Court sides with fruit farm in fight with workers union

AP Photo/Scott Smith

AP Photo/Scott Smith

A California appeals court sided with one of the largest fruit farms in the nation, ruling that a law allowing the state to order unions and farming companies to reach binding contracts was unconstitutional.

Labor activists say the mandatory mediation and conciliation law is a key to helping farm workers improve working conditions.

However, the 5th District Court of Appeal said Thursday it does not clearly state the standards that the contracts are supposed to achieve.

The ruling came in a fight between Gerawan Farming and the United Farm Workers, the union launched by Cesar Chavez. The union won the right to represent Gerawan workers in 1992, but the two sides did not agree to a contract.

At the union's request, the state Agricultural Labor Relations Board in 2013 ordered Gerawan and the UFW to enter into binding mediation. The two sides couldn't come to an agreement so a deal was crafted by the mediator and adopted by the labor relations board, the appeals court said. Gerawan objected to the terms.

“This goes beyond Gerawan,” said company attorney David Schwarz. “This sends a signal loud and clear that the entire scheme has serious constitutional defects.”

In its ruling, the appeals court said the law does not clearly spell out goals such as raising workers' wages or improving working conditions that the mediator's labor contract is supposed to achieve.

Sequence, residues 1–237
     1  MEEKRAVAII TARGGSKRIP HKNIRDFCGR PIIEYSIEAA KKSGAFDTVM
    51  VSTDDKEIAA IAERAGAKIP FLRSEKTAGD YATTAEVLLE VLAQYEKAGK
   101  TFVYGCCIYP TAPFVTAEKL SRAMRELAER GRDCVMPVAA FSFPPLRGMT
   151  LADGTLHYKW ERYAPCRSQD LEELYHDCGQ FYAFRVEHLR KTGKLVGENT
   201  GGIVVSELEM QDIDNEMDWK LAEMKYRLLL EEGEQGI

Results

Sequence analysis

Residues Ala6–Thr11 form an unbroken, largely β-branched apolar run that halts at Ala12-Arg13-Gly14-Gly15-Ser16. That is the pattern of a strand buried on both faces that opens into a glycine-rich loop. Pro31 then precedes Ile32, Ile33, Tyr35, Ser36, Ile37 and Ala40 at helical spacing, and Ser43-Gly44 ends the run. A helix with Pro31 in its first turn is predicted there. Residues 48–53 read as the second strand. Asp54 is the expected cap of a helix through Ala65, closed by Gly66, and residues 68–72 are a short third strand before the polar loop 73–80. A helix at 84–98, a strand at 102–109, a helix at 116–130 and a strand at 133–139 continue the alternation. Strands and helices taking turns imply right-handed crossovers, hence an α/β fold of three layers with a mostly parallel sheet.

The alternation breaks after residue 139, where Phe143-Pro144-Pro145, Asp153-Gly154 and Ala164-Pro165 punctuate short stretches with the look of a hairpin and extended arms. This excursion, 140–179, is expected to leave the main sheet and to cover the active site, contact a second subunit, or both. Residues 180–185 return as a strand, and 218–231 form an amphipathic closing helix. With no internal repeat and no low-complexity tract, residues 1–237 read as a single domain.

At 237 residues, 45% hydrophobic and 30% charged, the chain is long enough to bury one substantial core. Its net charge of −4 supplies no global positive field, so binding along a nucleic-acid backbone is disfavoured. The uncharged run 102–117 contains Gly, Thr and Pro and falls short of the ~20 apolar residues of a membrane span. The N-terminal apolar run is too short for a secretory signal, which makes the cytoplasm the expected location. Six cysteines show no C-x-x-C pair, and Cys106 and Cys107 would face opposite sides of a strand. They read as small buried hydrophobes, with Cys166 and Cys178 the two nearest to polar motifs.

The law also fails to establish any safeguards to ensure the mediator does not favor either side, according to the court.

“The Legislature has delegated broad legislative authority to the mediator and the board under the MMC process, but has not provided adequate standards to guide and direct the use of that delegated authority or prevent its misuse,” Associate Justice Stephen Kane wrote in the 3-0 ruling.

Supporters of the law say it was intended to help workers who had voted in elections but weren't enjoying the benefits of union contracts because their employers refused to agree to terms.

United Farm Workers National Vice President Armando Elenes said another appeals court upheld the law in 2006. The union plans to appeal Thursday's decision to the state Supreme Court, which often resolves differences between appellate courts.

“In the meantime, Gerawan farm workers will continue their fight for a fair union contract,” he said.

The appeals court also said the labor relations board should have given Gerawan a chance to argue that the union had abandoned company workers before the board ordered the parties into mediation. Gerawan said the union disappeared for nearly two decades after starting contract talks and only returning to the bargaining table in 2012. The union has disputed that claim.

The appeals court also reversed the board's mediation order.

“This is a huge victory for our employees,” said Dan Gerawan, who runs the family business in Central California. The company hires thousands of workers annually to tend and harvest nectarines, peaches and plums, and has said it pays the highest wages in the industry.

Dan Gerawan said mediation was a misnomer and the mediator was really trying to force a contract.

Complicating the fight between Gerawan and the UFW is a vote Gerawan workers took in 2013 to decide if they would continue to be represented by the United Farm Workers.

The ballots were impounded by the state labor relations board over allegations of election misconduct and have not yet been counted.

Agricultural Labor Relations BoardCaliforniaCalifornia NewsGerawan FarmingUnited Farm Workers

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